Kate Lord-Brennan


  • Job: Member of the Legislative Council
  • Organisation: Tynwald, Isle of Man
  • Years in public service: 4 months

My grandmother/mother was a…

My grandmother ran hotels in the days of the booming Manx tourist industry and my mother is a secretary.

The Isle of Man was the first country in the world to give the vote to women in national elections, 37 years before women in the UK had the opportunity.

My grandmother may still have been surprised at the number of women in our Legislative Council today. 5 of our 8 elected members are female.

In her time, members would have come from judicial and religious appointments and of course, were men. Our parliament, Tynwald, is now more diverse, with more women in parliament than ever before.

Like many other people, my mother thinks it’s important to have people from different backgrounds to have a voice in parliament and bring a different dimension in legislation, policy and scrutiny.

Me in a nutshell

I am a questioner. My best friend reminded me recently that I questioned school policies when I was 8 and got into trouble!

I will naturally query why something is done a particular way or why I should do something at all. I haven’t always gone the conventional path.

I left home at 15 because of various family difficulties and I wanted to focus on school and A levels. I always saw education as the “ticket out” and guiding light.

I worked to support myself throughout that time, finding jobs that would fit round school and university. I managed to get the grades to go to the University of Leeds, my chosen degree being EU Studies with Law.

After Uni, I worked in financial services. I recall looking around the office and noticing that all the managers were men, yet they seemed to do the least work.

Presenteeism was a huge part, there were capable, more effective women but they would be dashing in and out of the office, juggling family commitments.

In that moment, I decided to go into business for myself and it was incredibly fun to plan that secretly and have my resignation letter in my desk drawer ready to go.

Being my own boss opened up so many different opportunities and experiences for me. Being a parliamentarian came later, after a period of being at home as a stay at home mum.

When it was first suggested that I stand in the Legislative Council Elections my first thought was that I wouldn’t fit. Turns out, times have changed and I do.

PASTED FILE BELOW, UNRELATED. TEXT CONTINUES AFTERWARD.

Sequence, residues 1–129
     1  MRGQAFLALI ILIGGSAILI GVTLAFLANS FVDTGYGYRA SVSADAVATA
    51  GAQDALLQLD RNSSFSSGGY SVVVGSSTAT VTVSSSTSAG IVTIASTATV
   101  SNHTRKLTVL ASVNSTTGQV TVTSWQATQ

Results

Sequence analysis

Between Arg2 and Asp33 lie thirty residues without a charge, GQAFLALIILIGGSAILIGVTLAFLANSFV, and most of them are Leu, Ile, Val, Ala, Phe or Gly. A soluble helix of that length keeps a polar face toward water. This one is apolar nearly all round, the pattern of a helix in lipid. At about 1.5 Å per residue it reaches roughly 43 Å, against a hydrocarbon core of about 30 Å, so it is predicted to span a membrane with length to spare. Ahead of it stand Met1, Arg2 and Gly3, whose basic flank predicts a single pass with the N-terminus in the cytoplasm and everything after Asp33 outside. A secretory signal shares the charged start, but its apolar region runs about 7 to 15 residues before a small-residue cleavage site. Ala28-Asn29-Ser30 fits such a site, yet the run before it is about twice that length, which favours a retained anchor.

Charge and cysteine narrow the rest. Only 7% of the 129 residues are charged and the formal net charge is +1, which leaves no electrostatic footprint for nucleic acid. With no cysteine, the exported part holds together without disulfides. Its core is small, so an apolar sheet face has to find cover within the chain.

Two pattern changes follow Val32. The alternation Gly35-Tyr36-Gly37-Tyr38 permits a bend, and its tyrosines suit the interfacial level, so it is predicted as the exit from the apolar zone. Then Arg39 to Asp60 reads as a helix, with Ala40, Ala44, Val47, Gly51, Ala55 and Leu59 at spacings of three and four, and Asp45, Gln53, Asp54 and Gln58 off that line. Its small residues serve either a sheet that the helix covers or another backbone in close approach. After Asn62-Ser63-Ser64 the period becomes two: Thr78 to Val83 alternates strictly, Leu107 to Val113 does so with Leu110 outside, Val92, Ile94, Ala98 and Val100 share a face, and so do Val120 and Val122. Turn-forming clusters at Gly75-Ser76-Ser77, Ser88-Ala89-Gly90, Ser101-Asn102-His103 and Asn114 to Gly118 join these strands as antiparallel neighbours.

My role

I am a member of the Legislative Council, the upper chamber of the Manx Parliament, Tynwald. It is a revisory chamber, so our role is that of scrutinising and improving legislation.

In Tynwald, we sit together with the directly elected House of Keys and have a role in secondary legislation, tracking executive authority through parliamentary accountability and in debating and voting on policy.

When we were first sworn in, the President of Tynwald reminded us new members that we have a voice to represent groups who do not have a voice in Tynwald and that struck a chord with me.

There are lots of chances to make a difference, especially if you have in mind how legislation and policies impact people.

My job is to read, listen, challenge, question, consider views of different groups and think through how legislation and policy will work in practice and how it can be improved.

If I had a magic wand, what would I do to accelerate gender equality?

Aside from legislative and policy matters, I think sorting out the pathways to various roles, through encouragement and mentorship is important.

Those in power in business or in politics can influence and inspire here. On a more practical level, having more help and equality in domestic matters and access to childcare is important.

Anything else you’d like to say

Ignore people who try to put you off pursuing something – they are probably doing it for the wrong reasons. Carve your own path, it may be more difficult, but it will be your own way and who knows what it will bring.

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  1. Comment by W R Tomlinson posted on

    Great when one discovers a new word - 'Presenteeism'.
    The President's words "...we (MLCs) have a voice to represent groups who do not have a voice in Tynwald" may have struck a chord with you, but I do not recognise it as a reality.
    You fail to mention that your role, although you are not popularly elected,
    extends to being a Member of the Department of Infrastructure i.e. participating in government.
    Also as an MLC, you do not have constituency responsibilities, unlike a Member of the House of Keys. Yet MLCs receive the same salary as MHKs!

  2. Comment by Ted Nugent posted on

    4 months in public service in an unelected role in a tiny Crown Dependency. A clear champion of a womans right to achieve on merit.

  3. Comment by W R Tomlinson posted on

    Why has my comment been deleted?
    In what way did it not comply with comment and moderation guidelines?


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